Transgender employees: legal tips to navigate a HR minefield

by Janie Smith16 Apr 2014
A recent High Court ruling that allows people to legally identify as a category of sex other than male or female shouldn’t result in many workplace changes, says Tim Capelin, a partner at Piper Alderman.

But the question of which bathroom a person identifying as gender-neutral should use has him stumped.

“I think the bathroom issue is probably the most practical, and I don’t know what the answer to that is. It’s particularly difficult if someone presents as one gender for a period and then presents as another gender and wishes to use the bathroom for the new gender,” he says.

“There are plenty of workplaces that have unisex toilets where it wouldn’t be a practical issue, but I can see where it could be an issue where HR has to make a determination on where this person should be directed for their ablutions.”
He says HR people would need to monitor any potential bullying and harassment of gender-neutral people in the office and the existing laws against gender discrimination would still apply. 

“I think the key point for HR is that new categories of difference, when they come into the workplace, initially can create a fuss but the pre-existing responses – namely, we embrace difference and we don’t make decisions in relation to the workplace based on differences of gender – still remain the correct response.”

Things like parental leave would not be an issue because it is not based on gender, says Capelin.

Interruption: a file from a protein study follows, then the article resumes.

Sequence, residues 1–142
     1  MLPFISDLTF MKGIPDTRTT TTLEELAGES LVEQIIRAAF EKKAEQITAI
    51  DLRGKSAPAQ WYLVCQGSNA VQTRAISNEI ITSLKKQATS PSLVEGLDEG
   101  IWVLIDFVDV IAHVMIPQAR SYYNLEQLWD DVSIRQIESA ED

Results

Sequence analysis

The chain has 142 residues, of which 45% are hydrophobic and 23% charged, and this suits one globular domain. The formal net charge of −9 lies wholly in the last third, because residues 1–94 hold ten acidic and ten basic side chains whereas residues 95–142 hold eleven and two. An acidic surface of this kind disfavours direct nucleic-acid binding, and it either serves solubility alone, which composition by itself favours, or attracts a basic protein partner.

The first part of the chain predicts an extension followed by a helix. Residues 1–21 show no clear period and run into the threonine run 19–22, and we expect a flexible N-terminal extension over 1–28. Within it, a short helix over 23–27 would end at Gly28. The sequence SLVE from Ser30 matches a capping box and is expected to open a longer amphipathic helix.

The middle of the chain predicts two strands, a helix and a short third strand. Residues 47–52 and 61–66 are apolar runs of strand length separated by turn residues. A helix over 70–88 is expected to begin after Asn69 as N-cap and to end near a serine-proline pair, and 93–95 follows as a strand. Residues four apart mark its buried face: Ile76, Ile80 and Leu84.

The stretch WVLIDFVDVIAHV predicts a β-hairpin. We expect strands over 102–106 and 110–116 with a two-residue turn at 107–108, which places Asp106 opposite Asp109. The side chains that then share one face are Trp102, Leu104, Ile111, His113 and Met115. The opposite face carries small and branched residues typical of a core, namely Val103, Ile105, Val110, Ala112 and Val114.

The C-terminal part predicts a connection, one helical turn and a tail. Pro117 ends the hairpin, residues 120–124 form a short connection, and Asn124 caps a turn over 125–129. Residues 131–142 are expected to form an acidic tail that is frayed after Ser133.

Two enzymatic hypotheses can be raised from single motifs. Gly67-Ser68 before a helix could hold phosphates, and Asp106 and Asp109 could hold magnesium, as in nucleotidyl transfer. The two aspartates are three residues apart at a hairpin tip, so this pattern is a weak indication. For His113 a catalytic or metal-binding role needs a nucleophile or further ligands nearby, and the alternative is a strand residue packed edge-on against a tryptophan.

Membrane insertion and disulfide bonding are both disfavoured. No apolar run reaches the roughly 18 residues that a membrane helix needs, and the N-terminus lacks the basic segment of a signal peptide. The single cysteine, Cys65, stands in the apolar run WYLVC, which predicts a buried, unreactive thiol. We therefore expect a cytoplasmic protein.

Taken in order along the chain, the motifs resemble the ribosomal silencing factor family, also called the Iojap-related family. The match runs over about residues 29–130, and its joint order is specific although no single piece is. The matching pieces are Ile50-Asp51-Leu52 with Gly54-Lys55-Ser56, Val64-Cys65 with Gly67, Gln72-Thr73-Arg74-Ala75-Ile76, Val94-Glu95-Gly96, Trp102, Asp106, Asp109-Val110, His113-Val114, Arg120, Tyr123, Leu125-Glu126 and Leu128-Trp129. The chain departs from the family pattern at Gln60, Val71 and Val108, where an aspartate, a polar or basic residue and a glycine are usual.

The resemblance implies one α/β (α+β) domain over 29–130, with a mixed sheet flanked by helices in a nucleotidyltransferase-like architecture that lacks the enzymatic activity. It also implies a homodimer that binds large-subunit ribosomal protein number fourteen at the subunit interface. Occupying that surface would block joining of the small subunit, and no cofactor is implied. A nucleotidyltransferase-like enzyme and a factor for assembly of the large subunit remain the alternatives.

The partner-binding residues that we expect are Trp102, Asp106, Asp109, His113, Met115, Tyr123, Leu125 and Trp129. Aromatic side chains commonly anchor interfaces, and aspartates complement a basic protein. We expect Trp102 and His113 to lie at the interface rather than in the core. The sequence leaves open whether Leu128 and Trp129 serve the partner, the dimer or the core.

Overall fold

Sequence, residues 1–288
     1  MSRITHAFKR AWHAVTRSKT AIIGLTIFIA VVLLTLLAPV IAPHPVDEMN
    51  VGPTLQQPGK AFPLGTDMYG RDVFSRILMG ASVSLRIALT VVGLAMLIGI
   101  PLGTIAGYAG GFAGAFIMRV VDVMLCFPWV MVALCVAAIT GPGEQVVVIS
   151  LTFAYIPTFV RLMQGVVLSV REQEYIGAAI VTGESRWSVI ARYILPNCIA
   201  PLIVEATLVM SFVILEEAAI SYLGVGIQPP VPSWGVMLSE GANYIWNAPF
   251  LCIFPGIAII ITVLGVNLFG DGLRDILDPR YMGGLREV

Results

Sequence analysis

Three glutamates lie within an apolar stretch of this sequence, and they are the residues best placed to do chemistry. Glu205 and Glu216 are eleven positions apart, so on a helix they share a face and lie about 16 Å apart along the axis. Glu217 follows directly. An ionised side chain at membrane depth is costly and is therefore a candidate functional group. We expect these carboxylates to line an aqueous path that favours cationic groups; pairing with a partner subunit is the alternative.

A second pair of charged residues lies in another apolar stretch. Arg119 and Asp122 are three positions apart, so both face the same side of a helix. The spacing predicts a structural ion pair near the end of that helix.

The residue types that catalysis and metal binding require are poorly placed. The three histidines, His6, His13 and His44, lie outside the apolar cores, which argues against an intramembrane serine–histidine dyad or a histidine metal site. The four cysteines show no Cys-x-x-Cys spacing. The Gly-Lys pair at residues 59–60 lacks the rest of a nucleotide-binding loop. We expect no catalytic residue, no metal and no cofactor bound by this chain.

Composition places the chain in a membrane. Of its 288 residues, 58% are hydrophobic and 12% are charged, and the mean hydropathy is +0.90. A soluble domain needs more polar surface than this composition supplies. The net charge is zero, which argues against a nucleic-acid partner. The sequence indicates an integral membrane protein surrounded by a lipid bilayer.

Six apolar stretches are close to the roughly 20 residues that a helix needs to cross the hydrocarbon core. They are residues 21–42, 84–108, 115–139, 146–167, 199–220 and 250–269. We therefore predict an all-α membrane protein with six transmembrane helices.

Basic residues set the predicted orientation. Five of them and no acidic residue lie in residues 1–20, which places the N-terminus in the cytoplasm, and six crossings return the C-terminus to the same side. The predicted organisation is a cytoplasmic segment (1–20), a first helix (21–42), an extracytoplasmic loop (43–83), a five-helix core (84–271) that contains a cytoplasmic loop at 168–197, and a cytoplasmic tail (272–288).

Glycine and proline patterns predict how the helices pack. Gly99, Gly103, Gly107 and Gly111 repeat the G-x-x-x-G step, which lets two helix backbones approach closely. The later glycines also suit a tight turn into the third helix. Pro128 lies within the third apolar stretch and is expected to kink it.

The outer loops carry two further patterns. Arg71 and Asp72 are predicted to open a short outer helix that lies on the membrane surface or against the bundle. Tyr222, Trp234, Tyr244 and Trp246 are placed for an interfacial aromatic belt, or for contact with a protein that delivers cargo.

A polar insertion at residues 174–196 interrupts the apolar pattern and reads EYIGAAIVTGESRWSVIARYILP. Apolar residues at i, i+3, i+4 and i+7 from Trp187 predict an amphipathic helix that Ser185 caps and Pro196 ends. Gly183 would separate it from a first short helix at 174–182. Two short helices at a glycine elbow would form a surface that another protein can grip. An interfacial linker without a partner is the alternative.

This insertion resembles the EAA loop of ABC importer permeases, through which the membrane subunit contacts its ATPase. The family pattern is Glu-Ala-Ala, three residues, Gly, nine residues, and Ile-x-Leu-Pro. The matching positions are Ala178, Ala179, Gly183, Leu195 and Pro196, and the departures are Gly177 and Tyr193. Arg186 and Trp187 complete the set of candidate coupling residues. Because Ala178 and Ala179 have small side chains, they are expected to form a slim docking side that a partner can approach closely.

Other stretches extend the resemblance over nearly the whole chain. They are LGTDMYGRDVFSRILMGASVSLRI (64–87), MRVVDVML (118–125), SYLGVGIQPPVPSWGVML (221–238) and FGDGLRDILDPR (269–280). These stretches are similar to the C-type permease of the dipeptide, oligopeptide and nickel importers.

“The law doesn’t talk of maternity or paternity leave really anymore, it talks about parental leave so if they’re in the role of a parent, they would still be entitled to parental leave.”

The High Court ruling comes after a four-year legal battle by a Sydney resident named Norrie to be legally recognised as being of non-specific sex.

Norrie was born male, had a sex change but does not identify as a man or a woman.

“I’m overjoyed that it has happened,” Norrie told ABC News of the ruling.

“It’s important for people to have equal rights in society and if some people are granted the right to have their sex and certain benefits that go along with that, then why shouldn’t everyone have that right? Why should people be left out because they’re not seen as male or female? They should be recognised as whatever they are and allowed to participate in society at an equal level.”


  • by Tony 16/04/2014 12:00:08 PM

    The bathroom issue is simple: they should be able to use the bathroom of their affirmed gender. However this can cause other employees discomfort so employers need to ensure there is early and considered training, support and careful communication with the immediate work group. If someone transitions at work, their transition can be a lot easier if it's supported in this way, so that others understand the issues before the 'bathroom' converstation even pops up. The Gender Centre in Sydney, and other similar groups in Victoria and other states, can advise employers on supporting workplace transitions, as can Pride In Diversity.

  • by Val 16/04/2014 2:40:14 PM

    This is good news however I understand that the ATO still requires you to tick the M or F box (and it has to be your physical gender) to get a tax file number. If however you have a passport which shows your preferred gender that's OK. I hope this changes. I fail to see how what gender you identify with impacts upon income tax. ATO - I think it's time to get with the times!

  • by Dr Tracei O'Keefe (Sexologist) 16/04/2014 9:42:47 PM

    All government departments and any other bodies will be required to comply with the Norrie rulling and provide a none male or female option "sex (non specfic)". If not they will be breach of the Sex Discrmination Act that protects all sex and/or gender diverse people :)

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